23andMe, the genetic testing service co-founded by Anne Wojcicki, has won landmark approval to administer tests for risk of developing 10 hereditary illnesses. In a new ruling, the Food and Drug Administration reversed its 2013 decision to deny the company approval.
Included among the conditions it screens are Parkinson’s Disease, Alzheimer’s Disease, celiac disease and Gaucher Disease –- a rare ailment suffered mostly by Ashkenazi Jews, which results in bone and joint pain, spleen issues and potential neurological damage.
23andMe offers a package in which consumers provide a DNA sample to the company and for $199 get a report breaking down their ethnic ancestry and risk for a host of diseases.
Vox notes that this makes it “the first company to sell regulator-approved genetic predisposition tests directly to consumers.”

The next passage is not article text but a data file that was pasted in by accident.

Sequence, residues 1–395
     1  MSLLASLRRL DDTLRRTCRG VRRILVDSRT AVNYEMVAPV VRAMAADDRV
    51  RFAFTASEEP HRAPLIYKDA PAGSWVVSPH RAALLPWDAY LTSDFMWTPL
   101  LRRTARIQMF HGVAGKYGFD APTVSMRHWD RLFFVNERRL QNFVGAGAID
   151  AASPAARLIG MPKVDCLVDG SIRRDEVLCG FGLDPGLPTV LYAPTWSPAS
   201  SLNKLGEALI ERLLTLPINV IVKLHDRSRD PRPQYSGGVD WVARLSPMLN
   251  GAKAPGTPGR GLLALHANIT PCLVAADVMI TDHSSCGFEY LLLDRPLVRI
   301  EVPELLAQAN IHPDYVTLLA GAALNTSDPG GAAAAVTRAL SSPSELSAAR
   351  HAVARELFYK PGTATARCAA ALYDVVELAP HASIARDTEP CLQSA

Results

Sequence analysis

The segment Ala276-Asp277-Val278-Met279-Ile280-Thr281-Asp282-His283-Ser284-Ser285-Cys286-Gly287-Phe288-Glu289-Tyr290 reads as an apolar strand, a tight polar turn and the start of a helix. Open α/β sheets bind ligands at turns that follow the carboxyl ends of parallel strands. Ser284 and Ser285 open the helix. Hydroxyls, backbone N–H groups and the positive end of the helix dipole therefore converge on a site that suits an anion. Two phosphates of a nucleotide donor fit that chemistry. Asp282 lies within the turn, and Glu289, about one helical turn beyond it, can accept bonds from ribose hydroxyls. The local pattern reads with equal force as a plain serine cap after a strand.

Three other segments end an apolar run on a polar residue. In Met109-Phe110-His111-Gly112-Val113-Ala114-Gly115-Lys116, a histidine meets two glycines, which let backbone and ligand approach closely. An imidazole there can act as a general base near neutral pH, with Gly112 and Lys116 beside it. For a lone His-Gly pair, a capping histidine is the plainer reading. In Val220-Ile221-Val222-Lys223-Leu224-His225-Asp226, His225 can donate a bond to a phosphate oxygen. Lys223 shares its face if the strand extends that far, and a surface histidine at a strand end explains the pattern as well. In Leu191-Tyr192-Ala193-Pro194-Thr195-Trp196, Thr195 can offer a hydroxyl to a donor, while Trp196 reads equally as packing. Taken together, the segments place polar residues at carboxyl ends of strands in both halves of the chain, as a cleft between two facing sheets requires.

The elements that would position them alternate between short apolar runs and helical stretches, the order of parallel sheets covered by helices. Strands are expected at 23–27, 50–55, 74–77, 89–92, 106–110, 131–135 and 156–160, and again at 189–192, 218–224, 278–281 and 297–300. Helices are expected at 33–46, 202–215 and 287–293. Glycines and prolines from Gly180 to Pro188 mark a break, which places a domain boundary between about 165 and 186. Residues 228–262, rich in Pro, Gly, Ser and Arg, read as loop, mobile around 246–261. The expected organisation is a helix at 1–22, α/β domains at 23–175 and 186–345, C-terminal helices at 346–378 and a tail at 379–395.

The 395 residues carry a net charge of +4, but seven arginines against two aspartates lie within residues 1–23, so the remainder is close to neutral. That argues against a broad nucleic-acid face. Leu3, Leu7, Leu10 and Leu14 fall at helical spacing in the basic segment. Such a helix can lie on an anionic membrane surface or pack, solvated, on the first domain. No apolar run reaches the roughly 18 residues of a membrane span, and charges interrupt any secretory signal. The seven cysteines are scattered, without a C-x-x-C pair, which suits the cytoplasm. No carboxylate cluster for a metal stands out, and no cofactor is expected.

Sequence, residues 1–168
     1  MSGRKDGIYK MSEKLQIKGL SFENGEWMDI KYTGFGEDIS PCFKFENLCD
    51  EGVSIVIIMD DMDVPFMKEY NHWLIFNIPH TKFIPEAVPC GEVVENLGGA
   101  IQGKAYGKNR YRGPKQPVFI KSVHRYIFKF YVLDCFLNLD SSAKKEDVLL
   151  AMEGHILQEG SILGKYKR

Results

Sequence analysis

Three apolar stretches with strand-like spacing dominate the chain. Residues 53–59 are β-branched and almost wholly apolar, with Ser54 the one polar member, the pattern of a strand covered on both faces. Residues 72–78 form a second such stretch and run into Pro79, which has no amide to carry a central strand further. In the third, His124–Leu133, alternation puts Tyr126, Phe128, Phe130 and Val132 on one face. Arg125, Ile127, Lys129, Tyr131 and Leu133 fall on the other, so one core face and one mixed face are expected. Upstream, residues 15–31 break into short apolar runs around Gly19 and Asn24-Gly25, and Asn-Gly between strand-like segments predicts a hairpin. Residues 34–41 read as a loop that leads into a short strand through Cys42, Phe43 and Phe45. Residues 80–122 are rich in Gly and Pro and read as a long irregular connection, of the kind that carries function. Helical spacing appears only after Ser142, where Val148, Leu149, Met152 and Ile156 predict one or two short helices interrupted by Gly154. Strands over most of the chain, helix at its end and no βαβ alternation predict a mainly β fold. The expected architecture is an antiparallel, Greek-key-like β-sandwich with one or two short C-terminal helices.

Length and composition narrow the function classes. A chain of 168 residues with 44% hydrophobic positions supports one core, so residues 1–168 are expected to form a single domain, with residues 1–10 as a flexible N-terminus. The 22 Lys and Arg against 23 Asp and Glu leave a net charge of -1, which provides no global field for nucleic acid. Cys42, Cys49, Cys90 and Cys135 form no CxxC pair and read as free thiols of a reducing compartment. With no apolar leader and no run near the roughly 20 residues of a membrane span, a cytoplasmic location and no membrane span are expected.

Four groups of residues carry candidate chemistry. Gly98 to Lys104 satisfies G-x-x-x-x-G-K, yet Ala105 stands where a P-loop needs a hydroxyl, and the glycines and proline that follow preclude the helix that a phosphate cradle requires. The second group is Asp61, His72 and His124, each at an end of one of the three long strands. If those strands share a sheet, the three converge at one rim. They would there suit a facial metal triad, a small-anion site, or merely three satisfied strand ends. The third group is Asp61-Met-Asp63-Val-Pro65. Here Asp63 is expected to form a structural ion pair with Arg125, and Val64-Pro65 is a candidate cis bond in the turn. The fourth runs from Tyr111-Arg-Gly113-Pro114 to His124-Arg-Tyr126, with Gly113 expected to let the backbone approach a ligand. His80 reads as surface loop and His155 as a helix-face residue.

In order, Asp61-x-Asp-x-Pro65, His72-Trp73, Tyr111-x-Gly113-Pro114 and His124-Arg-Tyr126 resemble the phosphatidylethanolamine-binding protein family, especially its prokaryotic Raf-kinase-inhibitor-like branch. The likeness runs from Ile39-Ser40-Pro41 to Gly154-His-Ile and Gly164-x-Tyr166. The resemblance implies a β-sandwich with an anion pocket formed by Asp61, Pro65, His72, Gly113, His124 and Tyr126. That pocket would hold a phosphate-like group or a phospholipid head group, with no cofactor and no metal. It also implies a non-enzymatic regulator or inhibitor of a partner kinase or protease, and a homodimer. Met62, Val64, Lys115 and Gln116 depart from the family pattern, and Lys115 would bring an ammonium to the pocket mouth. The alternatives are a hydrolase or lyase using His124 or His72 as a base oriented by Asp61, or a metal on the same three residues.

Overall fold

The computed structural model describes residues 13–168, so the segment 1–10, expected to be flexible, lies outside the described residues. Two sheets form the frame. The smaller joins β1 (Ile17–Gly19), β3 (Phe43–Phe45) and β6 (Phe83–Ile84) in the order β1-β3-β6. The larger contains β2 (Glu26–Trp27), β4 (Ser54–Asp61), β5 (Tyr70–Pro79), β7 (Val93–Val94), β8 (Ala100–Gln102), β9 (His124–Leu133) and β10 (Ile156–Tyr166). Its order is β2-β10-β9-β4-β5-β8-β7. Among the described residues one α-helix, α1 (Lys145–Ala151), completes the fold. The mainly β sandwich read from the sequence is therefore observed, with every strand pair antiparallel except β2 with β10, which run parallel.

FDA officials, while approving the company’s plans, warned that genetic testing is not the final word on whether a person will develop a given illness. “It is important that people understand that genetic risk is just one piece of the bigger puzzle, it does not mean they will or won’t ultimately develop a disease,” Jeffrey Shuren, head of the agency’s Center for Devices and Radiological Health, wrote in a statement.
This story "First Genetic Disease Screening Kit For Consumers Gets FDA Approval" was written by Daniel J. Solomon.